|12-05-2008, 09:21 AM||#1|
Join Date: Dec 2008
Device: Sony PRS-700
ebook noob with a workflow strategy question.
I'm a newcomer to your wonderful world of e-books with a question of how to design a workflow for a decent-sized project. I need to recreate the content of four 1200-1400 page reference volumes for access on my Sony-700 (which arrives today). My purpose is to save myself from lugging around 2 or 3 hardcover reference texts (1000-1200 pages each, so 20+ lbs total) on a daily basis. I'm miserable enough to be willing to pay hundreds of dollars for publisher-created e-book editions but they don't exist and won't for at least one to two years by most estimations. I’ve spent much of the last week testing various ideas and software from these forums, but can’t figure out what’s the most realistic approach.
I’ve abandoned my original plan to de-bind, duplex scan, OCR to pdf, and hazard the obvious legal exposure (even though I’d only be format shifting books for which I have receipts and would retain the front covers, etc). I’ve mostly been dissuaded by reading on these boards about the practical difficulties of such an enterprise: i.e., difficulty getting satisfactory OCR and subsequent slow and poor pdf rendering with unmanageable file sizes.
The good news is that the vast majority (90%) of the info is in the public domain in some combination of text-based pdf/html/rtf/txt/etc. Unfortunately the public and private domain material is sufficiently interspersed across each volume that I cannot just keep a separate binder of that 10%. I need a single format with the ability to search across all pages, on-the-fly bookmaking and highlighting, and support for a deep hyperlinked TOC.
So: Plan B –- investing weeks scavenging the 90% from the far reaches of the public domain, and scanning only the 10% remainder (the 10% will have to be searchable, but not perfect at all). Given my choice of the Sony 700 and my need for on-the-fly-bookmarks and highlighting (all reviewable/transferable to my computer), I’m debating between epub and pdf. I toss pdf in there because I’m assuming that imperfect scanning will require reference to some page images (and because it, admittedly is what I already know best). I don’t think I’ll need to worry about resizing fonts for reflow if I get it right the first time around.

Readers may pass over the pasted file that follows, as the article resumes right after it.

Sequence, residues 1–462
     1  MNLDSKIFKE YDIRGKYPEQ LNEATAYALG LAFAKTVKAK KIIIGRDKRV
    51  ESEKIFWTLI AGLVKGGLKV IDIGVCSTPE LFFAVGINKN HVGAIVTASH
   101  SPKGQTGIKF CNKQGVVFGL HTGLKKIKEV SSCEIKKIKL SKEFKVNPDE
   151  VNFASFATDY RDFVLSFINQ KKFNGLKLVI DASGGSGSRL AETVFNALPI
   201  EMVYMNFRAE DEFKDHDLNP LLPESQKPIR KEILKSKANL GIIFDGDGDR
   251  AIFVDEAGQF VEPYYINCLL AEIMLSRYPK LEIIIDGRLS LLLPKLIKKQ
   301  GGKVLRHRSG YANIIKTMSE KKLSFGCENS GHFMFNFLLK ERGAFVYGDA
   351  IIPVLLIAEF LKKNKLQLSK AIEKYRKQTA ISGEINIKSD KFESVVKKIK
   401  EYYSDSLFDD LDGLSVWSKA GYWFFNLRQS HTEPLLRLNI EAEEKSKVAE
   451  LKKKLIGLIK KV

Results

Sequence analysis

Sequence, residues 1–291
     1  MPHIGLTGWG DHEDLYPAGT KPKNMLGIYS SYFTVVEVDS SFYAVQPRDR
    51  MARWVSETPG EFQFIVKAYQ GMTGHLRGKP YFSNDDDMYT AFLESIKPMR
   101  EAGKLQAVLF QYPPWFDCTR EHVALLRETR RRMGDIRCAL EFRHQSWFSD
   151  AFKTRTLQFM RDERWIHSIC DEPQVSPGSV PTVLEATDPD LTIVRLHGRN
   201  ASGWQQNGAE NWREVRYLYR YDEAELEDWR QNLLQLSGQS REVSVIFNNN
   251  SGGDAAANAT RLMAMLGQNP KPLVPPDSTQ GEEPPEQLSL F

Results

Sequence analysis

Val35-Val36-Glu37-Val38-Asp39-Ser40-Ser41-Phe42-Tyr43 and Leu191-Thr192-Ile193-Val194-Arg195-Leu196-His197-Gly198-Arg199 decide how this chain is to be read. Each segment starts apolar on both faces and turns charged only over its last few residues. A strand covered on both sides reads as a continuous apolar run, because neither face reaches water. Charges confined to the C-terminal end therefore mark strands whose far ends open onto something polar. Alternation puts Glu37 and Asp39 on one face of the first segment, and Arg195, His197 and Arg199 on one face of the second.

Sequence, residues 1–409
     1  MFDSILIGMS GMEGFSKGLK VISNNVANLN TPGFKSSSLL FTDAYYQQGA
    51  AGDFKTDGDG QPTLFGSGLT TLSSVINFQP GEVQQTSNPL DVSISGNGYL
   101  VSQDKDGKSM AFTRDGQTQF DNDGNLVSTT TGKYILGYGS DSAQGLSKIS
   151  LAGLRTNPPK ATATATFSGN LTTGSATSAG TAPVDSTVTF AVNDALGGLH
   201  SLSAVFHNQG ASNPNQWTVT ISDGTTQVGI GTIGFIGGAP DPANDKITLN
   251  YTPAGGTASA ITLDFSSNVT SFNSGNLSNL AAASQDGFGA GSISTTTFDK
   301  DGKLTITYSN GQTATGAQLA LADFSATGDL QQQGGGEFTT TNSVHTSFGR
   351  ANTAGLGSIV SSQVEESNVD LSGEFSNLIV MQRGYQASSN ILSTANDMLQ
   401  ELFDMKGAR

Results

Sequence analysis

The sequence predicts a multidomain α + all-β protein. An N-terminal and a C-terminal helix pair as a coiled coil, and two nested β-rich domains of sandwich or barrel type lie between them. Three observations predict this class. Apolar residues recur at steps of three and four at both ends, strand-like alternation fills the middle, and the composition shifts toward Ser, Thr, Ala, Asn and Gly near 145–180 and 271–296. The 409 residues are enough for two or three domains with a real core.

What are my best options on how to attack this? Should I assemble the pieces in sequence in html and run them through eCub (I’d need to learn more about stripping the complexity out of html – eCub turned the html into 100-page epub monstrosities that crashed Adobe DE), OR do I go with RTF and loose some of the formatting elements (including several hundred internal links within the document that I don’t need but very much would prefer to retain via Calibre or Bookcreator (also, I don’t know how badly they’ll slow down the reader, page turning, etc), OR pursue a hybrid PDF (90% text extremely simple html vector graphics and 10% ocr and artifacts of what doesn’t transpose correctly), OR do I need to layout in inDesign (I’d like to avoid doing so, but I have the software…)
I know that each of these approaches has been addressed and that most of you have strong preferences to the exclusion of others, but I hadn’t read much comparative analysis. Obviously, this is a big 50+ hour undertaking ahead of me, so I’d like to proceed with confidence, and soon so that I can start digging for the public domain options in the best formats.
Thank you in advance! This board has already been incredibly helpful for me.
Last edited by Bierkonig; 12-05-2008 at 09:28 AM.
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